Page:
Cypress city council members voted unanimously this week to investigate ways to oppose a pending allocation of nearly 4,000 new housing units that, if not appealed, must be facilitated by 2029.
“What the hell, are you nuts,” Mayor pro-tem Mariellen Yarc rhetorically asked the state? “Where are we going to put them?”
Yarc, and for that matter, the entire city council protested after newly installed Planning Director Alisha Velasco presented the new housing allocations required by the Regional Housing Needs Assessment for Oct. 2021 – October 2029. The process is facilitated by the Southern California Association of Governments (SCAG).
The council’s fury was not aimed at Velasco, who simply reported the issue, but rather they were upset with SCAG and the state initiative that demands housing unit needs be projected for the years ahead.
Velasco said the city’s Regional Housing Needs Allocation is distributed from the State Department of Housing and Community Development through SCAG.
In fact, it was not just Cypress, but the new housing assessment saddles many Orange County communities with seemingly unreachable targets for new housing units, said Velasco.
For example, the new projections indicate Buena Park must plan for nearly 3,000 new housing units in that same period.
Velasco said the pending allocations for Cypress includes a need for 3,927 new housing units, including 1,147 for very low income, 656 for low income, 622 for moderate income and 1,502 for the “above moderate” income range.
Velasco said there are “no ramifications” if that actual number of housing units are not constructed, but there are potential drawbacks if the city does not take precautions and steps to plan for the new units. For example, such as identifying locations for the units.
In addition, she said the city council must create “ordinances and policies” to facilitate those allocations. Velasco suggested the city should still be moving forward with its housing elements, including public outreach, picking a team etc., while she also identified the process to create an appeal.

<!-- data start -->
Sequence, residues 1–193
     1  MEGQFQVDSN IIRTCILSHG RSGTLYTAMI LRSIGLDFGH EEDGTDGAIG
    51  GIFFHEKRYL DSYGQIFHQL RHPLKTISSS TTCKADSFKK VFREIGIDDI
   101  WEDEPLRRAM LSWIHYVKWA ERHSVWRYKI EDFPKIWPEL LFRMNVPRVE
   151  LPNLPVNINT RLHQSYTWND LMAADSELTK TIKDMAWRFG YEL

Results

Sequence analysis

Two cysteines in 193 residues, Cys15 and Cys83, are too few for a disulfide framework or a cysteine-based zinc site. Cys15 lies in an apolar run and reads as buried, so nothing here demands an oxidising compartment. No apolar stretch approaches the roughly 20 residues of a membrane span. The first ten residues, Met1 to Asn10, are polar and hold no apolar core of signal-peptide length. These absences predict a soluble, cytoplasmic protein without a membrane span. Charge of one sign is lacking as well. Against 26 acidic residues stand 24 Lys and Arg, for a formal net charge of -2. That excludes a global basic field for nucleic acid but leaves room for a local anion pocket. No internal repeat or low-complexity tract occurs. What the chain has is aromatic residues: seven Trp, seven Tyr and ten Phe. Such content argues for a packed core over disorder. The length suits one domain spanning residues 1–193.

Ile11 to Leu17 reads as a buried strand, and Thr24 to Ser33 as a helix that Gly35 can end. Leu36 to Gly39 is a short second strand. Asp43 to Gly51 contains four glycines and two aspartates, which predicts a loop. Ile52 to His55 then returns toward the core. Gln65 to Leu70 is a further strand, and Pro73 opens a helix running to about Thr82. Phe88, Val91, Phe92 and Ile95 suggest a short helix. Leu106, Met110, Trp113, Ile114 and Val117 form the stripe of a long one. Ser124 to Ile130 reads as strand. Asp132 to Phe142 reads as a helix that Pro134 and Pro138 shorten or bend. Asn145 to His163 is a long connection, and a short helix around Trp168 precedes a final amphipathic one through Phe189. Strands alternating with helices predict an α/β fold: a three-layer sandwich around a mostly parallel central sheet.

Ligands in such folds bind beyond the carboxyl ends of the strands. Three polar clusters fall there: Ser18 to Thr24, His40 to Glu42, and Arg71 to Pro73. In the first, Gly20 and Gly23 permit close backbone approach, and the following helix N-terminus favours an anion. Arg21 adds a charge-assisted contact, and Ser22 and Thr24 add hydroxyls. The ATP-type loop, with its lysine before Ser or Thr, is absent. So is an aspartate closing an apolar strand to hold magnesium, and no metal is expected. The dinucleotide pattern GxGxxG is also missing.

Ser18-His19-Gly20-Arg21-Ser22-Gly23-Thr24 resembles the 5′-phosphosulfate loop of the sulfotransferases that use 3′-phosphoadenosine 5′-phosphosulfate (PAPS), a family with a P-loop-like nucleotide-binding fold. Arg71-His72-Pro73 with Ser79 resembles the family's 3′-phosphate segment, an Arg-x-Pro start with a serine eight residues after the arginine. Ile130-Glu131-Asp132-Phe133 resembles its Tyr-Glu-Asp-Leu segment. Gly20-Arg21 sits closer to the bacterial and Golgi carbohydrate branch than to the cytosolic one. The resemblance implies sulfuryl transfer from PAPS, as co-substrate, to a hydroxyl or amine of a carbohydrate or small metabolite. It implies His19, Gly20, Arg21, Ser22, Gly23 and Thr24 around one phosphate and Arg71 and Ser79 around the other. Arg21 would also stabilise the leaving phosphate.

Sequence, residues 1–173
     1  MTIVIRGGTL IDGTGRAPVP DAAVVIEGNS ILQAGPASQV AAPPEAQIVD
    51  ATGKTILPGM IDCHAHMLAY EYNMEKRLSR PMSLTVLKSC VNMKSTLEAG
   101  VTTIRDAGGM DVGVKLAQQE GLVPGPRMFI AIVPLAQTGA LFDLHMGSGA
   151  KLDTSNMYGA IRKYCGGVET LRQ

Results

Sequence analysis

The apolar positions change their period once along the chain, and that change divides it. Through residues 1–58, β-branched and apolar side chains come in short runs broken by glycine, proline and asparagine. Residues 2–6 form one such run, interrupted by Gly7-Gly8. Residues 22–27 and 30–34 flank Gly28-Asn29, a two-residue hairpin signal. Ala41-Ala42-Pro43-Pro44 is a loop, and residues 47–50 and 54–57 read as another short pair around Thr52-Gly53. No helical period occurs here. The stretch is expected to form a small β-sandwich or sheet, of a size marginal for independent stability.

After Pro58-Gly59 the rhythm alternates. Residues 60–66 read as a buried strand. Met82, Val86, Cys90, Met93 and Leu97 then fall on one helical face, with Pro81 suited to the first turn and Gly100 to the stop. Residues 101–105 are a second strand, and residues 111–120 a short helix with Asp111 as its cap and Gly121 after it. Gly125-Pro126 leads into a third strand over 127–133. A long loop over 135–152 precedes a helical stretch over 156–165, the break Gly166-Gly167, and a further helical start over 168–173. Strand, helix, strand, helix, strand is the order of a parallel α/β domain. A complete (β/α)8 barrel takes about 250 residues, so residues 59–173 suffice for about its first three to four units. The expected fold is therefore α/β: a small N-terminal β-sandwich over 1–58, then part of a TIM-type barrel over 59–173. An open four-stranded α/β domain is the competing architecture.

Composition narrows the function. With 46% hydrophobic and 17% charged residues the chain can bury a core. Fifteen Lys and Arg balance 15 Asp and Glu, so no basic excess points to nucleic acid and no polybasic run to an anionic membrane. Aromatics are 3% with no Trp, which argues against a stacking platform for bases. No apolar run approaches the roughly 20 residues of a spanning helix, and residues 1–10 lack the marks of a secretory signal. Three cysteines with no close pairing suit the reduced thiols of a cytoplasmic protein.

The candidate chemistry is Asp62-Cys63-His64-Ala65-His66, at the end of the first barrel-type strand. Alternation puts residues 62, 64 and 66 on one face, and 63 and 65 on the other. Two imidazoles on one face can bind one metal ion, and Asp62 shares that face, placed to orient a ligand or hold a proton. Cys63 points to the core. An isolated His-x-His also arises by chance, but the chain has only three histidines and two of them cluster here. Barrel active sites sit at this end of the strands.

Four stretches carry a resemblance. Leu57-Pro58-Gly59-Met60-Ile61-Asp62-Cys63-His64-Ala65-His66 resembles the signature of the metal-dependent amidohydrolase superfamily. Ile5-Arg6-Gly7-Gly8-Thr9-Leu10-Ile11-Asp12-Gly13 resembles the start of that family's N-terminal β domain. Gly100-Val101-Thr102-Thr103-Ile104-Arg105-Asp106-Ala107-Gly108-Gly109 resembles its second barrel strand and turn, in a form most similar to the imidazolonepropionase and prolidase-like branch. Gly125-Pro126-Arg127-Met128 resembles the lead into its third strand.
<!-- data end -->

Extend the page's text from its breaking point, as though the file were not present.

“I think this (housing allocation) is outrageous,” said Yarc. “It makes you question their wisdom.”
Council member Stacy Berry, who served as a Cypress representative on SCAG, admitted that is a “very frustrating process.” Berry said she voted to oppose the allocation, but the opposition was “outvoted” by other cities.
In addition, Berry said while the city can consider an appeal, the state has already rejected an appeal to the total number in the SCAG housing allocations, citing an 11th hour change in the process.
Berry openly wondered whether local cities unhappy with their allocations could perhaps ban together to appeal. “Where are these homes going to go,” asked Berry?
Council member Paulo Morales asked city attorney Anthony Taylor about potential opposition strategies. “Anything we can hang our hat on,” he asked?
Taylor suggested the item be discussed in a future executive session, but did offer a potential argument that COVID-19 had “changed the circumstances” of all communities, saying the allocations “predate the world we live in now.”
Berry admitted, however, that any challenge will be an “uphill battle.”
“I suggest that we expend our resources implementing our numbers and not spend resources fighting a battle that has no chance of success,” said council member Jon Peat.
“Cypress is getting very crowded,” acknowledged Mayor Ron Johnson.
Despite the odds, Yarc continued her efforts to appeal the state’s process, an entity she called a “mongrel.”
“I make a motion to investigate options, rather than just give in,” said Yarc. While it may be a forgone conclusion, the city owed it to itself to see whatever options they may have before accepting a “ridiculous” allocation.
The motion passed 5-0.